LUMBERJACK, LUMBERER, WOODSMAN BY GUEST AUTHOR DEIDRAH STANCHFIELD Part 3 of 3

“The old way of lumbering was passing by 1900, driven out by the demand for pulpwood and by power companies wanting to control watersheds. Steamboats, motorboats, railroads and gravel trucking roads turned the formerly inaccessible places in the woods into public highways and swept away the old industry with all its tools and retainers (Pike, 1967).”

Lumber6Maine Conservation Corps took me to places in Maine I had never even thought of going. From Scopan (outside of Presque Isle), to Mt. Blue in Weld, to Baxter State Park in Millinocket and many other corners, I learned more and more about hardworking people and beautiful places. I have never been much of a morning person, but waking up on Daicey Pond and getting ready for the hike and workday ahead, I would often be up in time to see the sun rise. I count this time as some of the most meaningful in my life, and the most serene. I think about the loggers and river drivers, and what their time must have been like. In remote locations only accessible by water, without the technology of modern equipment and advantage of synthetic and quick drying clothes, one would certainly have to have certain qualities to survive. I cannot imagine people working under the conditions required without getting some joy out of it. It must have been hard, but also rewarding to work in such pristine conditions.

The last log drive was held on the Kennebec River in 1976 (Council). While the driving of logs down the river is a thing of the past, the lumber industry in Maine is still a vital part of our state. According to the Maine Forest Products Council, “$1 out of every $16 in Maine’s gross state product and 1 of every 20 jobs is associated with Maine’s forest products sector” (Council) . According to this same document, Maine is also home to the “Largest, contiguous, privately owned, working forest in the United States.” Although there have been some serious changes in the way Maine deals with wood, great advancements and progress is being made. It is interesting to know that while a huge part of Maine history, working with wood is also a huge part of our future.  “Forest products businesses (e.g., paper mills) tend to generate more output per worker and provide higher wages than other businesses in Maine (Council).” It is also interesting to note, that with the change in technology, more can be accomplished by less physical work. Pre- 1960’s, a logger could cut about 9 cord per week. 1980 to the present, using modern machines, a logger can cut 75.7 cord per week (Council). That’s a HUGE increase.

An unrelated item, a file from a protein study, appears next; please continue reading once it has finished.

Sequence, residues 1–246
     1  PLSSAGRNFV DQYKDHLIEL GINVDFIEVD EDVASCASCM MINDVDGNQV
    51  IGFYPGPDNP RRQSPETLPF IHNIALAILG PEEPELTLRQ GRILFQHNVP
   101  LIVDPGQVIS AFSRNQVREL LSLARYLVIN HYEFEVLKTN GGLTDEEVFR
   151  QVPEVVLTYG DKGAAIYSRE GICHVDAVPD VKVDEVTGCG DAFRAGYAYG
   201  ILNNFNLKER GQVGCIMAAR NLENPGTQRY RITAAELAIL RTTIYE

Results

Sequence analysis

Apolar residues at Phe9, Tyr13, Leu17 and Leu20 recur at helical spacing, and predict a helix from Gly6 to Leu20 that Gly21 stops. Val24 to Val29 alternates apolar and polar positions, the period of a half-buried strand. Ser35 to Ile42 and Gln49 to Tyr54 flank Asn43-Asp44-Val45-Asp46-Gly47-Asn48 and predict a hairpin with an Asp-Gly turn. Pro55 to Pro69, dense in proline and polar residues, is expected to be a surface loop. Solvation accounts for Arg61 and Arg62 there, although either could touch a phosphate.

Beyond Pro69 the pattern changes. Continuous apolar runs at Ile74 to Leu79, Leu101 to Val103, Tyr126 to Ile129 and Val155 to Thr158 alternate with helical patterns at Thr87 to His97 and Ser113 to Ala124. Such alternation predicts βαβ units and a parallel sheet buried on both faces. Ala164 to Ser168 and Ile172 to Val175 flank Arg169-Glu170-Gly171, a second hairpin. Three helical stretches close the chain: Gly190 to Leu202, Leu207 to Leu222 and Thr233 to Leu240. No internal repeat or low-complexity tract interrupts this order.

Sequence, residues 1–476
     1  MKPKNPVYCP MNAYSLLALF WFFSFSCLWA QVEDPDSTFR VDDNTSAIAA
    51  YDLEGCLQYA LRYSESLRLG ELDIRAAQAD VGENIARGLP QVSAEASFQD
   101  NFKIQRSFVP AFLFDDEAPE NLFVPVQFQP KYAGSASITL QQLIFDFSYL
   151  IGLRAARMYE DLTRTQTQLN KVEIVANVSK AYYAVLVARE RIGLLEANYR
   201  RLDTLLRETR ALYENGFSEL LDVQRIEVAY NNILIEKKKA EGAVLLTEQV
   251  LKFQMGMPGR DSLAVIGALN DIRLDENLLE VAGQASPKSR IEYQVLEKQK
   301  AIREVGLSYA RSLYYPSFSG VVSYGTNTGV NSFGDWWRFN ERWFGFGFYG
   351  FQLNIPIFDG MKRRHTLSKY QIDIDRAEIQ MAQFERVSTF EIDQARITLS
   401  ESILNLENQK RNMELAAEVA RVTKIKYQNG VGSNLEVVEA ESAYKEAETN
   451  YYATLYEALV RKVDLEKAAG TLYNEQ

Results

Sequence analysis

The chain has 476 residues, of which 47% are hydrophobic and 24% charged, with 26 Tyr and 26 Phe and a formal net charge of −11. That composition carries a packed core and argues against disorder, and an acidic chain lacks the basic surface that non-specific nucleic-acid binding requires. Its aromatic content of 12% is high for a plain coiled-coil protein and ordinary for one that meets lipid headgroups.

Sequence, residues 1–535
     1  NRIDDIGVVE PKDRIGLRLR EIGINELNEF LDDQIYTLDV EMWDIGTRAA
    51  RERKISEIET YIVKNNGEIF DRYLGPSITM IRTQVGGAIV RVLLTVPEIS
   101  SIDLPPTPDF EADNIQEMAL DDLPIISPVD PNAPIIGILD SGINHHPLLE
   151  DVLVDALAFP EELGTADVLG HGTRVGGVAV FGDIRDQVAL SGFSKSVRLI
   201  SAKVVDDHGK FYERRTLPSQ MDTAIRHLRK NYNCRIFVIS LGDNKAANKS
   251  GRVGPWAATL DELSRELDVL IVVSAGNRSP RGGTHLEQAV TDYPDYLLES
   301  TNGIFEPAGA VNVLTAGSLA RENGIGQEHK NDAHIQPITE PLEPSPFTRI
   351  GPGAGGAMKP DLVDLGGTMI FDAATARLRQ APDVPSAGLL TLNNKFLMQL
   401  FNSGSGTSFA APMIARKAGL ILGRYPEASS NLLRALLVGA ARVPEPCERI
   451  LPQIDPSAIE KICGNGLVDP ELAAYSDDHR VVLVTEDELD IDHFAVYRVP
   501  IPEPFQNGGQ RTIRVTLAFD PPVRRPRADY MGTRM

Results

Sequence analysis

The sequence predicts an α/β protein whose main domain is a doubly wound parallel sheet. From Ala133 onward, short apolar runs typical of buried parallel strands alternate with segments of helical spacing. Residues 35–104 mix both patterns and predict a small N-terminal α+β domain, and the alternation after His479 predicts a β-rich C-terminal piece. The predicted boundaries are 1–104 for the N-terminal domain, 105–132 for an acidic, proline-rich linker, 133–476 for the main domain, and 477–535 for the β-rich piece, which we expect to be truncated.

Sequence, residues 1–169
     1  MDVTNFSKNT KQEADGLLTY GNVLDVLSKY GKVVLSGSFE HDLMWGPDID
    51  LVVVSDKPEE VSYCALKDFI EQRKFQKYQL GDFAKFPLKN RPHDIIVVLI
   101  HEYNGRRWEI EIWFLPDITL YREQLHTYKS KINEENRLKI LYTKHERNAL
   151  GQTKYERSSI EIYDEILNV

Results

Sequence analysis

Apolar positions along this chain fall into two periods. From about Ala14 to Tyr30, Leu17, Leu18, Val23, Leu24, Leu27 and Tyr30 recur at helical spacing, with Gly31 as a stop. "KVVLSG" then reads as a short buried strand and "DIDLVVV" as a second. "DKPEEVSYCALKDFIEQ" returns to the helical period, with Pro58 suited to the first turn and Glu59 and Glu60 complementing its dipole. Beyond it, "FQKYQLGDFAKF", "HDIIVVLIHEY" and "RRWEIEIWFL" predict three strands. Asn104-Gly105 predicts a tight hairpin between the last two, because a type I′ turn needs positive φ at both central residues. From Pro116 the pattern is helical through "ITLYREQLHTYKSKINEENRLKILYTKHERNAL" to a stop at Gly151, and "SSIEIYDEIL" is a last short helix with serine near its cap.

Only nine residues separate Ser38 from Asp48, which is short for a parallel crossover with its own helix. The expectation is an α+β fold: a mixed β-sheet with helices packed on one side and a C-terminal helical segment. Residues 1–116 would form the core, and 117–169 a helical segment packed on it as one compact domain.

Lumber7While many machines have played a role increasing the amount of work one person can achieve, I would like to focus on the chainsaw. I am personally a huge fan of chainsaws. I first learned the basics of operating one while living on a Katahdin sheep farm in Monmouth, Maine. The owner heated with firewood, and I was interested in helping out with day to day operations. It was an enlightening and empowering experience. My first season at MCC I went through the formal chainsaw training, and I was amazed how much more was involved in chainsaw use and safety. I also felled my first tree. Two season of Field Team work later, I feel quite competent. My current saw weighs 10.8 lbs, and have many safety features. This is a huge change from what saws were originally.

Created out of necessity, its evolution originates from the cross-cut saw. “Until about 1897 all the falling of trees in the lumber woods of northern New England was done with an axe. At that time the two-man cross-cut saw was greatly improved by the addition of the raker tooth, which cleans out the sawdust. From then until about 1915, practically all woodsmen used the raker-tooth cross-cut saw for falling and cutting up trees. About that time, the raker tooth was added to the one-man bucksaw, enabling one man to cut as fast as Lumber8two with a cross-cut. From 1915 to about 1945 practically all pulpwood sawing was done with a one-man bucksaw. Then the two-man chain-saw was put into use, but it never became very popular. This was followed shortly by the one-man power chain-saw, which is now used almost entirely (Pike, 1967).”I’ve been able to see many old saws, at different museums/garages in the state. The Ashland Logging Museum had a few, as well as the Greenville Historical Society’s lumber section. Seeing these antiques made me appreciate the streamlined and safer version I use today. Safety and respect are needed in abundance when dealing with such.

In this picture my grandmother (below), Valerie Fuller, is posing with a NON-RUNNING chainsaw and showing it to my mom Stephanie Stanchfield. You can see from its size that it is not something convenient to carry miles into the woods, along with gas, bar and chain oil, and the tools to maintain it. I am relieved that by the time I learned how to use one, times had changed.

Lumber9

My time at Maine Conservation Corps certainly sparked my interest in this history of the people and industry of logging. My education time contributed to my understanding, and further research has yielded even more knowledge. I am grateful for these opportunities, and hope that this series of blogs might spark your interest in the history of logging. I would like to thank the Maine State Library, Roberta Scruggs of the Maine Forest Products Council, Chuck Harris of the Ambajejus Boom House, The Ashland Logging Museum, and the writers of the resources used for this. Thank You all for sharing the knowledge, and helping me put the pieces together.

Works Cited

Council, M. F. (n.d.). Maine Forest Economy. Retrieved September 15, 2015, from http://maineforest.org/wp-content/uploads/2014/04/Maines-Forest-Economy.pdf

Pike, R. E. (1967). Tall Trees, Tough Men. New York, NY: W.W. Norton & Company, Inc. .

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